If you have a patch of soil that you'd like to turn into a well-draining garden bed with deep, loose soil, then you'll need to put in some elbow grease and double-dig the bed. Here's step-by-step instructions for creating a great new garden bed:
What is double-digging?
Loosening the soil more than 12 inches down creates conditions under which plants' roots thrive.
How do you double-dig: Begin at one end of the bed and dig a 1-foot-wide by 1-foot-deep trench across the bed's width, placing the excavated dirt in a wheelbarrow. Next, work a garden fork into the floor of the trench and slowly rock it back and forth to loosen the soil. Continue until the soil in the excavated area is loosened. Dig a second, similar-size trench next to the first, this time placing the excavated soil in the first trench. Loosen the soil at the bottom of the second trench with the garden fork. Dig another trench and backfill the second trench, loosen the bottom of the third trench, and continue this process until you reach the end of the bed. Fill the last trench with the soil excavated from the first.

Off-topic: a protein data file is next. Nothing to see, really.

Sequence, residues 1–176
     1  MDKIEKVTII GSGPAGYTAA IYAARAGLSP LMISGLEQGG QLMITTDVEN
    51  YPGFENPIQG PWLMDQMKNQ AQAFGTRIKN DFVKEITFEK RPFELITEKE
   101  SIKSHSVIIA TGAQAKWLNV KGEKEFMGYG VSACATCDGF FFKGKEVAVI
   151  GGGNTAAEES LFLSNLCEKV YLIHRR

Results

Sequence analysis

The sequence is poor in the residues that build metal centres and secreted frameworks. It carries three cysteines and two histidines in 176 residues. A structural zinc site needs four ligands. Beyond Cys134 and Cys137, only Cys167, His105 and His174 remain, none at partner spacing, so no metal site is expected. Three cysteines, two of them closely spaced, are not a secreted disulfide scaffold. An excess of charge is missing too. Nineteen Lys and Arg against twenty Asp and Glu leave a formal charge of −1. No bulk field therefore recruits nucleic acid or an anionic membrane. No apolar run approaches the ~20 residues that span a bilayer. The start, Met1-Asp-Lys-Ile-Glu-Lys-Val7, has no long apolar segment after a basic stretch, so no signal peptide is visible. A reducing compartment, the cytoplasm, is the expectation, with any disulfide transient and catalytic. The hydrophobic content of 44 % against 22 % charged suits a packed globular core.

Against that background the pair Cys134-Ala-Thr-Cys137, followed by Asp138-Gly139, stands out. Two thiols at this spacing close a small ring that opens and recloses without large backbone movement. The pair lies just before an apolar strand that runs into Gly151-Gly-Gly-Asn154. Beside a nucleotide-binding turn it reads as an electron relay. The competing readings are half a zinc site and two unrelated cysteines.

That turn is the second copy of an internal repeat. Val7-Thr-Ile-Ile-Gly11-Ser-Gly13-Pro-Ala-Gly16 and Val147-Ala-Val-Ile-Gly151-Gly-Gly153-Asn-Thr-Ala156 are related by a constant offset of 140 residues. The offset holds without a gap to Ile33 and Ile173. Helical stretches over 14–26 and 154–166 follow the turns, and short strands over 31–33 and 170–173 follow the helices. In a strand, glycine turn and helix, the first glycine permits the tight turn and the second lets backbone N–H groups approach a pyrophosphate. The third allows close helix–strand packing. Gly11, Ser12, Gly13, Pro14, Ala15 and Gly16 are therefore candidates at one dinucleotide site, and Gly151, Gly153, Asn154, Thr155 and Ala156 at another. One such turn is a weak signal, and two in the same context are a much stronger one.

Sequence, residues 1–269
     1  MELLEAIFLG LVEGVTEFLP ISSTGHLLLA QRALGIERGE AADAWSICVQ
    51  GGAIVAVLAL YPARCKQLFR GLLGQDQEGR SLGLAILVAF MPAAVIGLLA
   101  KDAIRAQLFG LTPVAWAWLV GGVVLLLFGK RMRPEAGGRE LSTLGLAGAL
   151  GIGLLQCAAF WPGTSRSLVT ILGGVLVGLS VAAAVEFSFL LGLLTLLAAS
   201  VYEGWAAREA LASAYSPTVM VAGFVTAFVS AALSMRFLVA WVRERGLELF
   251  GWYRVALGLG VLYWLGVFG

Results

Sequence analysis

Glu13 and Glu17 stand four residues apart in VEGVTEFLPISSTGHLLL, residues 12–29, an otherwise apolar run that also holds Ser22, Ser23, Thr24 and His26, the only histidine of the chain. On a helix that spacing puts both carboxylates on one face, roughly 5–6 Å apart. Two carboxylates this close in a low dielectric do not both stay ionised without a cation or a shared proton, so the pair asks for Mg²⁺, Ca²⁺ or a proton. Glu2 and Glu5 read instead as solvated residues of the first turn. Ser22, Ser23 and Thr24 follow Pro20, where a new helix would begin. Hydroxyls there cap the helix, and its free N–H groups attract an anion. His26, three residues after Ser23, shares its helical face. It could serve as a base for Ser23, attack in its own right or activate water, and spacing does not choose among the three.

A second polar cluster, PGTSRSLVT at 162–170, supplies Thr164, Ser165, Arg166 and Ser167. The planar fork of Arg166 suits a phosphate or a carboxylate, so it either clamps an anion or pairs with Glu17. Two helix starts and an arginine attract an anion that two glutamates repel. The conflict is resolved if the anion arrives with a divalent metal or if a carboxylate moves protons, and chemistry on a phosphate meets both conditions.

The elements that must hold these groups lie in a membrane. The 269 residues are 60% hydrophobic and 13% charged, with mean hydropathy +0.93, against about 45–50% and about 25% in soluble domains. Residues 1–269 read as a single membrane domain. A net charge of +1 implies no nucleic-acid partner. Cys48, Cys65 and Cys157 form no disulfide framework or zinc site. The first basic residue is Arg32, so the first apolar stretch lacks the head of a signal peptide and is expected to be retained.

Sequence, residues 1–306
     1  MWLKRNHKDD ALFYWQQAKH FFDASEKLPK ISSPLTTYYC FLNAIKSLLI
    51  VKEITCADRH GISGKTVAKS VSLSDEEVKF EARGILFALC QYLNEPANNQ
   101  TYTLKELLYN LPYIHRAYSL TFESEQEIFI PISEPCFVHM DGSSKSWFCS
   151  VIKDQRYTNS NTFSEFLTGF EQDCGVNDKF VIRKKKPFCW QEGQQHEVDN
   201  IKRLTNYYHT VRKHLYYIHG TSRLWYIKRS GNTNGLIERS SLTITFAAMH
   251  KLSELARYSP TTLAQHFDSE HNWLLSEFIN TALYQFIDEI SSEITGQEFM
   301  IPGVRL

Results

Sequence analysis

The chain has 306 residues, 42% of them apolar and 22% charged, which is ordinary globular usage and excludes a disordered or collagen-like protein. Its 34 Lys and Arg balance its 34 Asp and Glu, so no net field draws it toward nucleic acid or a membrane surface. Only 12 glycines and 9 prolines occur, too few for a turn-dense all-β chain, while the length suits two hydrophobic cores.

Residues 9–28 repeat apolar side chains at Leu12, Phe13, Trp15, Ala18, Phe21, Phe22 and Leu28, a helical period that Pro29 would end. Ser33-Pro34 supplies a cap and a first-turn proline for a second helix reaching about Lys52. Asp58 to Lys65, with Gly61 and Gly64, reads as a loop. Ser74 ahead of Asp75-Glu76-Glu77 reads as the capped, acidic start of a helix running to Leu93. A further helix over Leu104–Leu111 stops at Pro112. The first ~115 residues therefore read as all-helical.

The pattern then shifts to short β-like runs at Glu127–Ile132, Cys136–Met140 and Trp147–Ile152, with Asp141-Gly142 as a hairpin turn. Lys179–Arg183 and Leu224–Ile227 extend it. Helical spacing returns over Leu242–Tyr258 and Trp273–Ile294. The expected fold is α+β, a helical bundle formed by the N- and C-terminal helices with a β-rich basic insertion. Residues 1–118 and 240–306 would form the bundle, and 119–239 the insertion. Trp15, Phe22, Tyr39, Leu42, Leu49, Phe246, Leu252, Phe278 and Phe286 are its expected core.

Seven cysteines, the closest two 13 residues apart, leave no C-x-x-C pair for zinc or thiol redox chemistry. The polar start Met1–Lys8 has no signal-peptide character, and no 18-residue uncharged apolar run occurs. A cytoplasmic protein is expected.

Why you should double-dig: Carrots, potatoes, beets, and other root crops need deep, loose soil to grow well. More important, double-digging is the first step in creating the most productive garden bed possible, insists John Jeavons, author of How to Grow More Vegetables. "Double-digging adds air deep into the soil and enables roots to grow and the microbes to create good soil structure," Jeavons says. This is, no two ways about it, a labor-intensive approach. But if the soil where you want your garden is very dense or hard-packed, making the effort to do this will pay you back handsomely as your garden grows.
(by Dan Sullivan found here)
Double digging is typically done when cultivating soil in a new garden, or when deep top-soil is required. On poor or heavy soils, or for vegetable gardens, double digging might be required every 3-5 years. In other cases, double digging is only really needed on starting a new garden, or on total replanting.
For photos in the step-by-step process, visit the Royal Horticultural Society site.